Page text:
A lot of species in the Thalictrum genus of plants are actually known by the common name meadow rue. The sizes vary completely from species to species, ranging from six inches to eight feet in height, but all these members of the Ranunculaceae (buttercup) family are clump-forming perennials that actually grow from rhizomatous roots, all with lacy, fine-textured foliage. The foliage is usually light green in color, although there are some species with more chartreuse leaves. The meadow rue plant is often mistaken for columbine, as the leaves and drooping flowers bear a resemblance to that plant. The flowers are small and can be white, yellow, lilac, or lavender, depending on the type of species.


Meadow Rue Plant Information

The common name: The common name is Meadow rue.

The botanical name: The botanical name is   Thalictrum spp.

Family: Ranunculaceae family

The plant type:   The plant is herbaceous perennial.

The mature size: The mature size is about 1 to 8 feet tall, 1 to 5 feet wide (although varies by species).

The sun exposure: Full, partial.

The soil type: The plant prefers well-drained, rich, humusy soil.

The Soil pH: Acidic to alkaline (5.0-8.0), although varies by species.

The blooming time: The blooming time is spring, summer (although varies by species).

The flower color: The flower colors are light purple or pink, white, yellow (although varies by species).

Plant Hardiness Zones: USDA 3–7 (although varies by species).

The native area: North Hemisphere

Plant toxicity: The plant may cause skin irritation.


Meadow Rue Care

The care for meadow rue plant can vary considerably depending on the species that is being grown, but most of the species are relatively large, bushy plants that will do well in almost all types of soil, although with a preference for rich, moist soil.

Light requirement: Sunlight needs by meadow rue plant vary by species, but most types of the plants prefer part shade or dappled light conditions, nevertheless they will tolerate full sun. The need for shade is more pronounced near the southern end of the hardiness range. Some of the plant species will do well in nearly full shade.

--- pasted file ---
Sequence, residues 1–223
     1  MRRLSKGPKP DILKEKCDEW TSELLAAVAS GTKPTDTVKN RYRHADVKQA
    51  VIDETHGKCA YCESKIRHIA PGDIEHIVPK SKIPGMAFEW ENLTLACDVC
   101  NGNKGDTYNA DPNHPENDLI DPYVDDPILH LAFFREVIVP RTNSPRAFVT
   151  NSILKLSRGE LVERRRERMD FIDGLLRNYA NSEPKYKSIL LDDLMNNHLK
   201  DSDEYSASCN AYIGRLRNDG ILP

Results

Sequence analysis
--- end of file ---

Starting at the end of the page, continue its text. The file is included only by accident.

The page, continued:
Soil requirement: Many species of the meadow rue plants are actually native to moist woodlands and seasonal marshy areas, and when they are cultivated for garden use they will grow best in rich, moisture-retentive soil. An average, medium-moisture, well-drained soil will do just fine, too, provided the meadow rue plants are offered regular irrigation.

Water requirement: To get the best result you need to keep the meadow rue plants moist but not soggy. The meadow rue plant is not prone to insect infestation or diseases, although it can develop fungal problems if the plant sits in standing water. If they are planted in a typical well-draining garden soil, about one inch of water per week can keep the plant happy. If they are grown in full sun, they will require more water.

Temperature and humidity requirement: A lot of the species of this plant prefer the moderate climate of zones four to seven, although some of the species do well as far north as zone three or as far south as zone nine. Generally meadow rue plant does not like the hot and humid summers of the Deep South. A thick mulch can help the meadow rue plant at both climate extremes, by cooling the soil in hot climates and providing winter protection in the far north.

Fertilizer requirement: No feeding is actually recommended for the meadow rue plants if the soil is suitably rich. In poor soils, a yearly application of balanced fertilizer might be really helpful for the plant.


Types of Meadow Rue To Grow